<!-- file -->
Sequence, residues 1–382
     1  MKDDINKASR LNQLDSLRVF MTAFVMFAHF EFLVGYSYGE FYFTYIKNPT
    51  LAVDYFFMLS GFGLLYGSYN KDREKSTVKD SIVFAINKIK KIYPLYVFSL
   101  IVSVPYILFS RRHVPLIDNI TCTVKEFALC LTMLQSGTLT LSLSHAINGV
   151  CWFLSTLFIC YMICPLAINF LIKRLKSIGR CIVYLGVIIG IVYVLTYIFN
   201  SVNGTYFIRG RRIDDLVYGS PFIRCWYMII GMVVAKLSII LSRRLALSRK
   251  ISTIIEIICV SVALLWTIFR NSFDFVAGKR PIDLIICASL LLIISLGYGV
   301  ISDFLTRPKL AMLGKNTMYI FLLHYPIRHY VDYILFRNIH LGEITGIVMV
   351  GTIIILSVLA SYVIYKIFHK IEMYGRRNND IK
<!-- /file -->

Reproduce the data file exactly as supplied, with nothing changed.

Sequence, residues 1–382
     1  MKDDINKASR LNQLDSLRVF MTAFVMFAHF EFLVGYSYGE FYFTYIKNPT
    51  LAVDYFFMLS GFGLLYGSYN KDREKSTVKD SIVFAINKIK KIYPLYVFSL
   101  IVSVPYILFS RRHVPLIDNI TCTVKEFALC LTMLQSGTLT LSLSHAINGV
   151  CWFLSTLFIC YMICPLAINF LIKRLKSIGR CIVYLGVIIG IVYVLTYIFN
   201  SVNGTYFIRG RRIDDLVYGS PFIRCWYMII GMVVAKLSII LSRRLALSRK
   251  ISTIIEIICV SVALLWTIFR NSFDFVAGKR PIDLIICASL LLIISLGYGV
   301  ISDFLTRPKL AMLGKNTMYI FLLHYPIRHY VDYILFRNIH LGEITGIVMV
   351  GTIIILSVLA SYVIYKIFHK IEMYGRRNND IK